Camera phone creates world's tiniest film
Just 9 mm tall, Dot, the world's tiniest doll, is the hero of an action-packed adventure in a new stop-motion film, the smallest of its kind, created with a camera phone and a microscope.india Updated: Sep 23, 2010 21:03 IST
Just 9 mm tall, Dot, the world's tiniest doll, is the hero of an action-packed adventure in a new stop-motion film created with a camera phone and a microscope.
The film, simply called Dot," was produced by Aardmann, the creators of Wallace and Gromit. It was commissioned as a "viral" for Nokia and was made using the firm's Nokia N8 smartphone.
Wallace and Gromit are the main characters in a series comprising four British animated short films and a feature-length film by Nick Park of Aardman Animations.
Dot is to enter the Guinness Book of Records as the world's smallest film.
Dot finds herself in a magnified world and hears a noise coming from off-screen to her left. Suddenly she sees that the material on which she is standing is unstitching itself at an alarming rate, reports the Daily Mail.
Dot runs for her life, climbing flowers and even riding a bumble bee as she scampers to safety.
Animators used a 3D printer to make 50 different versions of Dot, because she is too tiny to manipulate or bend like they would other stop-motion animation characters - such as Wallace and Gromit.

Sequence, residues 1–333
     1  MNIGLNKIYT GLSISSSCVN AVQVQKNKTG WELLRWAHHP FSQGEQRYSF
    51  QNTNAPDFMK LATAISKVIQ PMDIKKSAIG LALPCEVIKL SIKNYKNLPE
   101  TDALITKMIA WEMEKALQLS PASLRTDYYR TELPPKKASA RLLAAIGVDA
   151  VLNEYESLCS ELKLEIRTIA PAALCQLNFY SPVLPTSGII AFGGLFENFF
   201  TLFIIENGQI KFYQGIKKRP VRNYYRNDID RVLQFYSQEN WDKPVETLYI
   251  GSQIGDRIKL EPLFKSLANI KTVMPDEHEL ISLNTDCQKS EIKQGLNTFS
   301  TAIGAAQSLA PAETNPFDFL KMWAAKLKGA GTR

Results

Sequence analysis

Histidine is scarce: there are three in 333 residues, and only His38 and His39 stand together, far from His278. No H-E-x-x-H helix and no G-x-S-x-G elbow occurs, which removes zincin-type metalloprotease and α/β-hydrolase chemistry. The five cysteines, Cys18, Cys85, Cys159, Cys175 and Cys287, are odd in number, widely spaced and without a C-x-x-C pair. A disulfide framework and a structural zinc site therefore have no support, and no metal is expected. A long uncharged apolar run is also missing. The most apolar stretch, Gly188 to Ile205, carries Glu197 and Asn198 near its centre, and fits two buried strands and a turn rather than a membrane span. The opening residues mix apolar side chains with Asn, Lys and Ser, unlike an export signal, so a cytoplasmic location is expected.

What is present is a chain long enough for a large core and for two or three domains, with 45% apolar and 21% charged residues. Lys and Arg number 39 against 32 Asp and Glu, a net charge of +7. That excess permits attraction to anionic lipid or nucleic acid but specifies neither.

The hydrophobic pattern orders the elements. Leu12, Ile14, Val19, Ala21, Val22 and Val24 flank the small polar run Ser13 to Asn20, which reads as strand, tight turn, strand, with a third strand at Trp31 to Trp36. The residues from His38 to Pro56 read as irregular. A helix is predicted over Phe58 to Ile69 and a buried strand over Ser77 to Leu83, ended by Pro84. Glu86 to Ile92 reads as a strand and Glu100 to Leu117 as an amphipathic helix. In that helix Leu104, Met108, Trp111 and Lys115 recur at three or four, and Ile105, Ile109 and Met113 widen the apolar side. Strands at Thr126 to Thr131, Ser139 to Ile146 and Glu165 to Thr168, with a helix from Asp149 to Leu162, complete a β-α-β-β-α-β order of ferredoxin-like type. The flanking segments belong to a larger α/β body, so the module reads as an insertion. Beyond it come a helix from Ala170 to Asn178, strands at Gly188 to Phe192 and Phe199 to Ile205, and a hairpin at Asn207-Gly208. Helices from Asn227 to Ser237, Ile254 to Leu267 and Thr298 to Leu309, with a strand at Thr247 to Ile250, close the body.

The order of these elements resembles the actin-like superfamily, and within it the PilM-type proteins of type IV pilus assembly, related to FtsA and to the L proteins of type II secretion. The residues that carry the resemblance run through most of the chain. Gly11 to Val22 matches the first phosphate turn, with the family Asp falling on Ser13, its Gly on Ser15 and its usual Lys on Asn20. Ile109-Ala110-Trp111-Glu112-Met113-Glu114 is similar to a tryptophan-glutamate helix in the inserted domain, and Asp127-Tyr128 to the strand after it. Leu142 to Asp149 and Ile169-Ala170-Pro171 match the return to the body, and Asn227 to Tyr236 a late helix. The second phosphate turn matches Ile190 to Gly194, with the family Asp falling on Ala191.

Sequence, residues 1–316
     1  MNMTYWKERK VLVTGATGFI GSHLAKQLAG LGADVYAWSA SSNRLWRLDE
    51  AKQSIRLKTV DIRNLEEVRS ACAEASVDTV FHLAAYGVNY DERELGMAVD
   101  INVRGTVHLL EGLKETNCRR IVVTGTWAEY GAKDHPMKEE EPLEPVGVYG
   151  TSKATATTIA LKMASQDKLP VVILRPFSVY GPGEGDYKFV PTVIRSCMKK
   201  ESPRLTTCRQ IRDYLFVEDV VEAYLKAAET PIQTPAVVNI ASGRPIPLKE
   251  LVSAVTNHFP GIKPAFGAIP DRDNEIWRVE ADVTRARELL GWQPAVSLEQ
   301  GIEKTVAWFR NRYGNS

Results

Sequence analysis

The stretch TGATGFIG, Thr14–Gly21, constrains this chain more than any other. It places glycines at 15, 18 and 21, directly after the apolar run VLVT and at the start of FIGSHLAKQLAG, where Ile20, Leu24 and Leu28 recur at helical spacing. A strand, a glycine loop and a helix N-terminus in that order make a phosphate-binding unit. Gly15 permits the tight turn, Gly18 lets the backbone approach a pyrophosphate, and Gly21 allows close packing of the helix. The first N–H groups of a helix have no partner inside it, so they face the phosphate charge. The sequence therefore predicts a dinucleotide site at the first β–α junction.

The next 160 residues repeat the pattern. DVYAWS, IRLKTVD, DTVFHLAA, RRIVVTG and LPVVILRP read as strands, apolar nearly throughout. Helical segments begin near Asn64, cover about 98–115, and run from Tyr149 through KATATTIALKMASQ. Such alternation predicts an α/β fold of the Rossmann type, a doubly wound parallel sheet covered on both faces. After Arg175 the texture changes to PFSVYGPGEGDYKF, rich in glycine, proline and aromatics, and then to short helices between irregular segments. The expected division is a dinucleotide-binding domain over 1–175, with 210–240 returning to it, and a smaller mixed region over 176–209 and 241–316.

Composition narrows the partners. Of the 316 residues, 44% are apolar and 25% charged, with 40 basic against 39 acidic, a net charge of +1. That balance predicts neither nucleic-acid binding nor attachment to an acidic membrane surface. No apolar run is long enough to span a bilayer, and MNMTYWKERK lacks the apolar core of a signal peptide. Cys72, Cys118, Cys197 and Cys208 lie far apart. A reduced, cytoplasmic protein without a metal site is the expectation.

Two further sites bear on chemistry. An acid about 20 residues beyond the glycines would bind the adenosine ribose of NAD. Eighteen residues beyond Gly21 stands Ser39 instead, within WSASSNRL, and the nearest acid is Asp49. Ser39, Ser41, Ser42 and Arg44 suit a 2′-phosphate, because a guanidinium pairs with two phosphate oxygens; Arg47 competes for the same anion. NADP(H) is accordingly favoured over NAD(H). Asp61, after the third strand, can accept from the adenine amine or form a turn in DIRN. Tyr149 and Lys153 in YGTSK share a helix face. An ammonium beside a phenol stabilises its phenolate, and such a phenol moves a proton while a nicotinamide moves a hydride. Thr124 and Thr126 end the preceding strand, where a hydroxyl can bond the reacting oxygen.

The creators say that it was not possible to make her smaller or they would have found it hard to make separate limbs and a head.
Each one was hand-painted by artists and attached to an extremely thin wire. The animators used precision engineering to move the backdrop behind the tiny Dot models.
The animation was filmed through a CellScope - microscope for mobile phones - which was attached to the N8 and its 12MP camera.
CellScope was developed by Daniel Fletcher, a bioengineer at the University of California-Berkeley, in US, as an attachment for camera phones.
It is used in Africa to take photos of skin and blood cells and transmit the images to experts for diagnosis. It could soon be used by cancer patients in the US to take white-blood-cell counts at home.